Courses in Computer and Communication Sciences (Division 353)

270. Computer Science I. Math. 115 or equivalent. Credit is granted for only one course from among CCS 270 and 274. (3). (NS).

This is the first course in Computer Science for prospective concentrators. It introduces some of the basic concepts of algorithm and program preparation, using the PASCAL language as a vehicle. Students will be required to attend recitations and to prepare a number of computer programs of increasing complexity. Most of the programs will support the concepts that were introduced, and will be mainly non-numeric in nature. This course is not intended to be simply a course in programming. It is intended for people who will major in Computer Sciences, Computer Engineering, or Mathematics. Course work involves writing and running between five and eight computer programs. There may be several quizzes and/or exams. No prior experience with computers is necessary or assumed. Text will be Programming in PASCAL, by Peter Grogono. (Frieder)

274. Elementary Programming. Math. 105 or the equivalent. Credit is granted for only one course from among CCS 270 and 274. (3). (NS).

This is an introductory course in problem solving and structured programming. As well as teaching the rudiments of a programming language, e.g., PASCAL, the course teaches a variety of algorithmic problem solving techniques. Course work involves writing and running between five and eight computer programs. There may be several quizzes and/or exams. No prior experience with computers is necessary or assumed. Texts are Karel, the Robot and Oh! PASCAL!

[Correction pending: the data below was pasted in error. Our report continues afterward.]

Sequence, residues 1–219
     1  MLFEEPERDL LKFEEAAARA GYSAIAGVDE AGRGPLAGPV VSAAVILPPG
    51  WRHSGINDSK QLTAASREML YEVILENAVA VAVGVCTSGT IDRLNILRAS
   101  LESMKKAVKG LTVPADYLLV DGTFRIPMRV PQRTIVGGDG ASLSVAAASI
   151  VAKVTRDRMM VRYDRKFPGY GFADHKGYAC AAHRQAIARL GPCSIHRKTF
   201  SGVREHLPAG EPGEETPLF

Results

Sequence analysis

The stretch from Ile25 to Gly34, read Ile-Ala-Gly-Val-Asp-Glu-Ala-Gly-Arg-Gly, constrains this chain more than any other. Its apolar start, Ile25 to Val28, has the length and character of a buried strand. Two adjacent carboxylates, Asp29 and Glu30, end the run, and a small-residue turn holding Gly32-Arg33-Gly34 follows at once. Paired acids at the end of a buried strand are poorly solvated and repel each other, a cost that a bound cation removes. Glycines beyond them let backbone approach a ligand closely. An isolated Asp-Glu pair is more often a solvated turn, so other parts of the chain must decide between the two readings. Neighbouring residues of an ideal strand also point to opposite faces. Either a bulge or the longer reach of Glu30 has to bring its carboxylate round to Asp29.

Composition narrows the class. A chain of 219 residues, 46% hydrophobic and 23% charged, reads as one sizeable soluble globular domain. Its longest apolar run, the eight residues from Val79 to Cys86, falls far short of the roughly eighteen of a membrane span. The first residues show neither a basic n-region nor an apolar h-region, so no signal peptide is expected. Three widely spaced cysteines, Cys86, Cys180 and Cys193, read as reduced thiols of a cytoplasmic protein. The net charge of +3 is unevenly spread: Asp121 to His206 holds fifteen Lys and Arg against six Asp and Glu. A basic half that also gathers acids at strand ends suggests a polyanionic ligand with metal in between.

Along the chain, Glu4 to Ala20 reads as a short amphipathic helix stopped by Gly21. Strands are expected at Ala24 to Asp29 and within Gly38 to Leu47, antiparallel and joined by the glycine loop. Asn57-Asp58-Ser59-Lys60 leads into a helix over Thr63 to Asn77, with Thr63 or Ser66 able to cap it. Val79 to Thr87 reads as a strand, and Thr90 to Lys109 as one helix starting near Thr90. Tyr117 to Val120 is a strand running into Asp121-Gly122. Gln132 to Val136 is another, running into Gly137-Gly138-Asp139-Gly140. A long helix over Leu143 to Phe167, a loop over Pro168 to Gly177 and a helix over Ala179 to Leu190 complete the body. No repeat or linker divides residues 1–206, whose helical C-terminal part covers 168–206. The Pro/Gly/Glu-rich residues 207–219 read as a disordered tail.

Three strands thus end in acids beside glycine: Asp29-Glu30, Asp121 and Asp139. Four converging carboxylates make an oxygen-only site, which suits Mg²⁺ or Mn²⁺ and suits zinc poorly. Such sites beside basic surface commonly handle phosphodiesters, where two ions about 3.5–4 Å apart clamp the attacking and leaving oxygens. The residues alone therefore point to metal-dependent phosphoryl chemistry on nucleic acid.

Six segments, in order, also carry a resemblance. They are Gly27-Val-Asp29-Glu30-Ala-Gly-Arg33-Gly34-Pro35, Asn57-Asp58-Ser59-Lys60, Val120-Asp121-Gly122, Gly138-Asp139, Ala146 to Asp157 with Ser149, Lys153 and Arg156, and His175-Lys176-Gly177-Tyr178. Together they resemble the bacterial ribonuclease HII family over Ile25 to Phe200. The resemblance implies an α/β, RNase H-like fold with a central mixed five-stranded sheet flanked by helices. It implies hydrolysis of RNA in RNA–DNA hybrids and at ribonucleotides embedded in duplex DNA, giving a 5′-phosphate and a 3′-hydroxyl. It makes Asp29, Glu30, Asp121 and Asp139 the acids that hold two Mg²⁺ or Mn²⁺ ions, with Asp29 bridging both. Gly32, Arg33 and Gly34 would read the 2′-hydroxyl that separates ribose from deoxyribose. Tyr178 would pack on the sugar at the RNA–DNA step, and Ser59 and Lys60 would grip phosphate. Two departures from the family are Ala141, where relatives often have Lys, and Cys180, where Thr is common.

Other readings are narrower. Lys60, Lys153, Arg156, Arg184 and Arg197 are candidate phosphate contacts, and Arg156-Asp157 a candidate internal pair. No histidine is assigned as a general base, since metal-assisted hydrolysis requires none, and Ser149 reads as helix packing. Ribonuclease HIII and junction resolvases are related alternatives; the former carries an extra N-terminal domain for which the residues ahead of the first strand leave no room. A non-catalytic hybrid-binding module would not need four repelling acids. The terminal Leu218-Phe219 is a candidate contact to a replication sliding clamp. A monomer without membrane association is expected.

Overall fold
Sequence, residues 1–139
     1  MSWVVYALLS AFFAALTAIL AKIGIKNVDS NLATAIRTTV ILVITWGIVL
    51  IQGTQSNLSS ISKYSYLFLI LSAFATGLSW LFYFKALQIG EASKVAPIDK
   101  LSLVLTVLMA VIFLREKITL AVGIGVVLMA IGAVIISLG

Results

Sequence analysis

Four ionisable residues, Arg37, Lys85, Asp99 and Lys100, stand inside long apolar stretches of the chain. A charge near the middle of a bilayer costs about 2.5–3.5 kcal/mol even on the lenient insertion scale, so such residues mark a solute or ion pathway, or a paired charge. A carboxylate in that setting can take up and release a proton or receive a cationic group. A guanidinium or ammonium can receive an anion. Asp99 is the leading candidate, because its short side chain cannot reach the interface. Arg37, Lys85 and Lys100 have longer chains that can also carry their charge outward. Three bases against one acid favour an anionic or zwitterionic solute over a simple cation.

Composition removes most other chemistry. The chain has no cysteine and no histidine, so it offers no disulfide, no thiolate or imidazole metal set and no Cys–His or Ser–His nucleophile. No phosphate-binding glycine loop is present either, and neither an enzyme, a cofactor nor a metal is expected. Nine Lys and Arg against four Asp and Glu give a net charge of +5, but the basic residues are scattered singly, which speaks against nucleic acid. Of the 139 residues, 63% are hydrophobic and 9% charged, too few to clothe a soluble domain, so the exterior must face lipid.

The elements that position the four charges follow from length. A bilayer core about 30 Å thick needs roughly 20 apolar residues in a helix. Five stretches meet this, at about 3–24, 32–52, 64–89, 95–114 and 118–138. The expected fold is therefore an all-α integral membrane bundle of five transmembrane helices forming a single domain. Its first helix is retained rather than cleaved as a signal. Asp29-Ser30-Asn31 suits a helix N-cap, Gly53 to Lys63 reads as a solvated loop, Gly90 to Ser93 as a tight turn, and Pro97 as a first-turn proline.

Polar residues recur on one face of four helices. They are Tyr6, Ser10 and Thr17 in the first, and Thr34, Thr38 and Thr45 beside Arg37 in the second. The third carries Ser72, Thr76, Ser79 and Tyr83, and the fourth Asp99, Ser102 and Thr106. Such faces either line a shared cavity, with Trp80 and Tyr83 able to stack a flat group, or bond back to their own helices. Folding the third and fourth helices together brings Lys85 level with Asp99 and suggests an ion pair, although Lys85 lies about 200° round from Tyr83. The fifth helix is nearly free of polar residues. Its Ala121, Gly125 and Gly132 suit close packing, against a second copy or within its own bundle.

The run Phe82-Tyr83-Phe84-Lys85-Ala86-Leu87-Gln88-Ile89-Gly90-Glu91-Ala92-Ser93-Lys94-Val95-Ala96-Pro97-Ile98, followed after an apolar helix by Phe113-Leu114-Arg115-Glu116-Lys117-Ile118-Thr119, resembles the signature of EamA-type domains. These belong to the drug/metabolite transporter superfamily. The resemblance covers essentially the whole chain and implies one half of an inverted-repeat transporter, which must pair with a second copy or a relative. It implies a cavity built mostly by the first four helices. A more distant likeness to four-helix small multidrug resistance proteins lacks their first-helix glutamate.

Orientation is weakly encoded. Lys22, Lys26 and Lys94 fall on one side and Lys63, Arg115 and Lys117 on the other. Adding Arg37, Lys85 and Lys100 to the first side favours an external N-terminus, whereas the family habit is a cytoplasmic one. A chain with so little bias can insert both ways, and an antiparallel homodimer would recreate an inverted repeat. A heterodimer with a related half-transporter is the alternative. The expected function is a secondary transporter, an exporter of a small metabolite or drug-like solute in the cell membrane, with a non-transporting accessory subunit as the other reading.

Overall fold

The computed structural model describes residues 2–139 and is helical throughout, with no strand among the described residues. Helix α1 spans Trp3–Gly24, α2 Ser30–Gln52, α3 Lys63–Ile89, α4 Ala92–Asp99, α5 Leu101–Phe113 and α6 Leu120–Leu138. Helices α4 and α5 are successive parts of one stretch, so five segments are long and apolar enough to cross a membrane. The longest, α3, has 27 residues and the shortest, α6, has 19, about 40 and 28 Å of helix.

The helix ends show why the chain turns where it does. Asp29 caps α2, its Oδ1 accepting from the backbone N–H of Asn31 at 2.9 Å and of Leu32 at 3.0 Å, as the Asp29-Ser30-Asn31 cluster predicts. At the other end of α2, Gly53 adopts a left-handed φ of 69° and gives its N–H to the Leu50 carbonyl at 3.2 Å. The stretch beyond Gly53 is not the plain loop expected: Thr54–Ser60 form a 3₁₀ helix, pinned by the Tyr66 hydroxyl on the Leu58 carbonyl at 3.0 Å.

370. Computer Science II. CCS 270. (4). (NS).

There will be two parts of the course. Advanced programming will cover introductory data structures, segmentation, software design methodology, and a project. The theoretical part will cover introduction to the theory of programming languages, and computability. The course is a part of preconcentration requirements for Computer Science majors, and has to be completed with a grade of B- or better before admission to the concentration will be considered. The students will be evaluated on the basis of a midterm, final, homeworks, and a project. The required text is PASCAL/VS Language Reference Manual, IBM reference number SH20-6168-1 and a set of course packs. Recommended books are P. Grogono, Programming in PASCAL, Addison Wesley 1980, and I. Pohl, A. Shaw, The Nature of Computation, Computer Science Press, 1981. Format is three hours of lecture, one hour of recitation per week. (Rajlich)

Programming Language Mini-Courses. CCS 380 through 389 form a sequence of four-week mini-courses (offered for one credit each) which teach details and use of various common programming languages. CCS 380, 384, 385, and 387 are offered Winter Term, 1983. Students can take these courses in conjunction with the primary programming course sequence (CCS 274/374/476) or independently. Computer problems are assigned; grading is credit/no credit. Consult the Time Schedule for specific starting dates.

380. FORTRAN Programming Language. CCS 274 (may be elected concurrently). No credit granted to those who have completed Engin. 102. (1). (Excl). Offered mandatory credit/no credit.